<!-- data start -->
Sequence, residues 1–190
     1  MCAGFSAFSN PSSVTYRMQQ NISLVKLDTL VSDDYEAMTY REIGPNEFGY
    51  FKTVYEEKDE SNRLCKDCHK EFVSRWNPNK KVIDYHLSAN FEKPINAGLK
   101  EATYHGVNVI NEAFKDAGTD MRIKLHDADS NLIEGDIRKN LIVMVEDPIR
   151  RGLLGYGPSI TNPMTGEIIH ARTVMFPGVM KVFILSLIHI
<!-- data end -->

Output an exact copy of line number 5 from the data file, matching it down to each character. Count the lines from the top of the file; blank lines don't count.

   151  RGLLGYGPSI TNPMTGEIIH ARTVMFPGVM KVFILSLIHI